Tuesday, August 16, 2016

Moving Day...again.

A gentle breeze is playing with the leaves of the ash tree while somewhere above, a pigeon is cooing contently. It is 3 o'clock in the afternoon and I'm sitting at the kitchen table, sipping a cup of Twinings Tea.  If you walked into the house right now, you would think we had lived here for years. The truth is, we moved in just three days ago.

Having enjoyed our intial days as tourists in hotels in Central London, we were getting restless for space. The novelty of living out of suitcases and searching for new restaurants for every meal was wearing off. Since we had already received the keys to the flat, we decided to move in one day ahead of schedule. We had opted for a fully furnished flat instead of a bigger house considering the temporary nature of our stay here. In many ways, this move was not the same as all of the earlier ones. And there have ben quiet a few of those.

Moving has become a recurring event in our family. When we meet new people and talk about our past, the seven towns we have lived in and stories about our moves become engaging topics of conversation. Since the first move from India to the US, with only the proverbial suitcases in hand,  we found ourselves packing and moving every 2-3 years. We have lived on the western and eastern coasts of US and also the mid-west.  We moved across continents for a two year stint in India, before coming back to the US and now, we are here in the United Kingdom. When we bought our first house, we moved all our possessions with the help of some well meaning friends and Subway sandwiches. As the years went by, things started adding up. We have moved our belongings on an 18 wheeler truck across the country, in a giant container on a ship to India and this time in sturdy cardboard boxes for air cargo.

This move feels different; temporary and liberating. We have a timeline here and all decisions are based on that. We are not looking to settle down in the best house we can buy and decorate it with our style of furniture and appliances. We need the essentials to cook, clean and live comfortably for one year and plan all the trips we can possibly take. So, we brought pillows and comforters and toys with us so that we would have some familiar things from 'home' and ordered the rest on Amazon. This feels like an extended sleep-over. Settling in did not take more than a weekend.

My family moved a lot when I was a child. I did not grow up in the town I was born in. In fact, I did not live there till I turned 16. Living in different states with different cultures and languages made me appreciate the diversity in Indians. I became fluent in 5 languages. I don't have trouble talking to strangers or making friends. A life like this makes you a constant traveler and that helps you take risks, give people more leeway than you normally would and hence be less judgmental. Great for forming relationships!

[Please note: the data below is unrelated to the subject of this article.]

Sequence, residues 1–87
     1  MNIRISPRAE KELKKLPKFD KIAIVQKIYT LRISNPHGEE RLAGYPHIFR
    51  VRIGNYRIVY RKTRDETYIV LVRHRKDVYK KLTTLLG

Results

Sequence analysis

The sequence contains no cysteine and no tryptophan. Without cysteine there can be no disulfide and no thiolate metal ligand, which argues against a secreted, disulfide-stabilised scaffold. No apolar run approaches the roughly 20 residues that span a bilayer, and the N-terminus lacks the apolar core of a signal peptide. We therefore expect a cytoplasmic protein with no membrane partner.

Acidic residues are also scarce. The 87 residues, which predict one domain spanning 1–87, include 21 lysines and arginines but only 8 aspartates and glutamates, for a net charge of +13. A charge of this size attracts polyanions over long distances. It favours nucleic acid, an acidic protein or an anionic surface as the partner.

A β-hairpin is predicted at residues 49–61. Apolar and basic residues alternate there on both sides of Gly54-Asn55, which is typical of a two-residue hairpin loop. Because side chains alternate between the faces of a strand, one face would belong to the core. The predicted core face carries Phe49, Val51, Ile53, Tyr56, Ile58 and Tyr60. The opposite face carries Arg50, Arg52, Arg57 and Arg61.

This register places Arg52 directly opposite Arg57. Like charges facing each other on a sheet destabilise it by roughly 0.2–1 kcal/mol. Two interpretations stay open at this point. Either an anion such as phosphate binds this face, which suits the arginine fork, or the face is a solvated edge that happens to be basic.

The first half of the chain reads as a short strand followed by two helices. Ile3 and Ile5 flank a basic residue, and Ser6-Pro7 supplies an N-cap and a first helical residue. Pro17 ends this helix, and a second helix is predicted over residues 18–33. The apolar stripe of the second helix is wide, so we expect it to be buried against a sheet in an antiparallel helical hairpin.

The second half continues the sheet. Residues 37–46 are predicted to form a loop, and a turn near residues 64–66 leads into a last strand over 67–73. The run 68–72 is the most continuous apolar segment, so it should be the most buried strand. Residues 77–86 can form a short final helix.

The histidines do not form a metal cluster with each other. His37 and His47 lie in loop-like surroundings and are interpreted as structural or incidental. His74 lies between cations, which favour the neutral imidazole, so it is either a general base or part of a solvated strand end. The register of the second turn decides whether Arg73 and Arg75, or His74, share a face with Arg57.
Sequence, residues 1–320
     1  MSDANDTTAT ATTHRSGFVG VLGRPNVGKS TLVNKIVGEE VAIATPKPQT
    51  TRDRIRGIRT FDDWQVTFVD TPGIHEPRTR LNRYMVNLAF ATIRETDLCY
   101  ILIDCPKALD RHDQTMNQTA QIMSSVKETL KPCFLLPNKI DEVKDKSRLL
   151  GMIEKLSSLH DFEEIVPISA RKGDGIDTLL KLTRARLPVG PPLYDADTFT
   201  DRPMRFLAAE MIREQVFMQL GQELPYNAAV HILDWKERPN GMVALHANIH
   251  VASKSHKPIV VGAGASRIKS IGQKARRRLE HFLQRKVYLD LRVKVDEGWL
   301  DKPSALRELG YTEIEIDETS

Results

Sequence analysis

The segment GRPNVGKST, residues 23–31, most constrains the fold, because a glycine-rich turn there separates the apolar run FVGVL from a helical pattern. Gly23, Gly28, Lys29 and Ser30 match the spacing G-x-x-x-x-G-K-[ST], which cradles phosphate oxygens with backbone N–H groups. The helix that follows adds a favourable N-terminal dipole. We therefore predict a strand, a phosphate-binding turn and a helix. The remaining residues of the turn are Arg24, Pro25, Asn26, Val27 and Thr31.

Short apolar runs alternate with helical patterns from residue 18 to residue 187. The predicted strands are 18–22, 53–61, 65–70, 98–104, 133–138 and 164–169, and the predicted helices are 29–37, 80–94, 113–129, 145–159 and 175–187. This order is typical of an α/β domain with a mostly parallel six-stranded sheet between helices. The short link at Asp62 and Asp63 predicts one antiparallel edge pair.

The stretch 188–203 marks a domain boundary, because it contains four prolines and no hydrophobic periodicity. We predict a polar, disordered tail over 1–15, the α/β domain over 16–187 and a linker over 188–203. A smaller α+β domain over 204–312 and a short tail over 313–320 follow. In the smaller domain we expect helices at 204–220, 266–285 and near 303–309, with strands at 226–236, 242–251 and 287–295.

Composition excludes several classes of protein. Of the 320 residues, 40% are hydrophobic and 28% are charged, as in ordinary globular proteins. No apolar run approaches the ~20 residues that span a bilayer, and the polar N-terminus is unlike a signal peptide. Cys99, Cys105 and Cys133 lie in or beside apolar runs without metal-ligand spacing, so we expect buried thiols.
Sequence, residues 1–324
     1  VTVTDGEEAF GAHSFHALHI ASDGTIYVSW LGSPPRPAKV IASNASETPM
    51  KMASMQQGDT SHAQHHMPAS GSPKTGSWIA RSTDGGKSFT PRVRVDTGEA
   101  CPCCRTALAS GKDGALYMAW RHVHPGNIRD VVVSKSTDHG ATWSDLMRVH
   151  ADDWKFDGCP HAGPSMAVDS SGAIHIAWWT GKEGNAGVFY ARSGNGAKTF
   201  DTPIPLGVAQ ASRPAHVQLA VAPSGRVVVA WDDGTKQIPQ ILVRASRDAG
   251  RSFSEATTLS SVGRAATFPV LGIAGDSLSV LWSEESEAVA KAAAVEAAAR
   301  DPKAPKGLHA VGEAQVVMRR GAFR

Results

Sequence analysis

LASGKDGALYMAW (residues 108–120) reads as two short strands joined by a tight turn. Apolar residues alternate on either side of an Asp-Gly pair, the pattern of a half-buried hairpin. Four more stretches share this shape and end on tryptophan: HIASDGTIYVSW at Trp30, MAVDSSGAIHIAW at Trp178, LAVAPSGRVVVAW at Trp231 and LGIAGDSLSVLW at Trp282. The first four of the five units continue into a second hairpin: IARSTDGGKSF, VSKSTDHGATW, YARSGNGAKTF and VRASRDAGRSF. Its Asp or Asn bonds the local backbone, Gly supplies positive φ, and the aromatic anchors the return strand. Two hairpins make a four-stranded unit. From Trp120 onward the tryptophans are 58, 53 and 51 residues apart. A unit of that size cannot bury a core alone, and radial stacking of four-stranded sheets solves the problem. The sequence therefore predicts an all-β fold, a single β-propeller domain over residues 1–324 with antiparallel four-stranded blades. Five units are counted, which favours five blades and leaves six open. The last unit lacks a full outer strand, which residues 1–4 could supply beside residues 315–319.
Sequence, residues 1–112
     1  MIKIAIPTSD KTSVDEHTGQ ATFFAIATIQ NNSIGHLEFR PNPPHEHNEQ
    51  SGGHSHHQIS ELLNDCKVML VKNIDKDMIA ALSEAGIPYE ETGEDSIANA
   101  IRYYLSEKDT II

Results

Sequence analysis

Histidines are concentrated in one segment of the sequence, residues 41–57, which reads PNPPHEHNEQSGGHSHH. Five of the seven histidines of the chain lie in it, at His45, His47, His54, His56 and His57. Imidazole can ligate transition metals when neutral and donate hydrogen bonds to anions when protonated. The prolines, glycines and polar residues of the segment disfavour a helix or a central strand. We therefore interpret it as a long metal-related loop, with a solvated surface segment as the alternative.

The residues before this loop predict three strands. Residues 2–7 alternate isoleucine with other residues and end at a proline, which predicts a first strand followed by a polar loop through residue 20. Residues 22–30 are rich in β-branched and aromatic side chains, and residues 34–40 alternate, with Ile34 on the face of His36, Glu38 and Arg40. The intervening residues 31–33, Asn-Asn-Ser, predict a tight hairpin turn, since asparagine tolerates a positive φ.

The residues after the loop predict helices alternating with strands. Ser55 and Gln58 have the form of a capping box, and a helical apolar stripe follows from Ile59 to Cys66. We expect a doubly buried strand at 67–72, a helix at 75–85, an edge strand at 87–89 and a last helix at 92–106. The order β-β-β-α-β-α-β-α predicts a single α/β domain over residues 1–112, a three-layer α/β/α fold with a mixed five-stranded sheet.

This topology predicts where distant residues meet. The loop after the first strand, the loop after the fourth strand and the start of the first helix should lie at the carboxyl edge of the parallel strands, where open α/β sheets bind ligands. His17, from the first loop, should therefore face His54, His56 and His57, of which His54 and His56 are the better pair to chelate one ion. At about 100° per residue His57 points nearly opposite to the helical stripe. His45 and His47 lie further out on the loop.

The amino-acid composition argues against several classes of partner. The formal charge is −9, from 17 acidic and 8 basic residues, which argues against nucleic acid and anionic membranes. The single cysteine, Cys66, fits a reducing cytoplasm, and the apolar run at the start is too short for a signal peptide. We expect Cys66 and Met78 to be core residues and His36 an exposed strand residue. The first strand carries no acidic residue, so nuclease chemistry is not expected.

However, I miss the feeling of belonging to a place. I am jealous of people who can call themselves native Punekars, or New Yorkers. I have roots but they are aerial, branching out in search of light and water and thriving wherever they find it.  I am from nowhere yet I belong everywhere. Maybe that is why I try to live each day the best I can because I don't know when and where I will move to next.

Wednesday, August 3, 2016

Day 2

The narrative of the history of London as a metropolis has three bold points: the Great Fire of 1666, the Great war (World War I) and World War II. These were events when not only was the city rebuilt  but it was also redefined. There is evidence of that grit in the architecture of this city throughout. Sir Christopher Wren was the principal architect in the rebuilding of the city after the Fire.  A permanent monument that he designed stands close to where the Great Fire started and devoured the entire city in 4 short days.  The Monument is a fluted Doric column built of Portland stone, topped by a gilded flaming urn. It stands at 202 feet, the exact distance between this site and Pudding Lane where the fire began. You can climb the 311 steps on the narrow winding staircase to the top but we decided to pass and move on to next line in our itinerary.

Walking over from the Monument, we made our way to the Tower. The famed Tower of London is an imposing castle built by William the Conqueror around the end of 1066 on the banks of the majestic Thames. Most people recognize this landmark as the infamous prison where Anne Boleyn, Sir Thomas Moore and Oliver Cromwell were held captive and later executed. We took an hour long guided tour led by Andy, one of the 38 Yeoman Warders who lives in the Tower. He was loud, brash, funny and very informative. He helped us get oriented to the layout as well as to the history of the Tower. After getting a lot of information which included the definition of what exactly it meant to be “hanged, drawn and quartered" or what your days would entail if you were imprisoned in the Tower, we were left to explore the rest of the complex on our own. The White Tower, an imposing medieval palace built in the 11th century is still used as an Archive and storage for the Royal Armory. It has permanent exhibitions featuring arms and ammunitions used by the monarchs over the years. I found this to be an ingenious use of historic buildings, not common in other parts of Europe. Instead of locking up buildings as historic in the interest of conservation, the old  buildings in London are retro-fitted and used, thereby ensuring their regular upkeep and maintenance.